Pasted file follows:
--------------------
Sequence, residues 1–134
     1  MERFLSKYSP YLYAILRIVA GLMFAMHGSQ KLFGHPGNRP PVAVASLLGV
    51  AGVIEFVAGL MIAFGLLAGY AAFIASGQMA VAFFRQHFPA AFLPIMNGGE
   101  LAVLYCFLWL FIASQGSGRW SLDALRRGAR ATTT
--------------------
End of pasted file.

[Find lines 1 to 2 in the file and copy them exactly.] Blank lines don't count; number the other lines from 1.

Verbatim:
Sequence, residues 1–134
     1  MERFLSKYSP YLYAILRIVA GLMFAMHGSQ KLFGHPGNRP PVAVASLLGV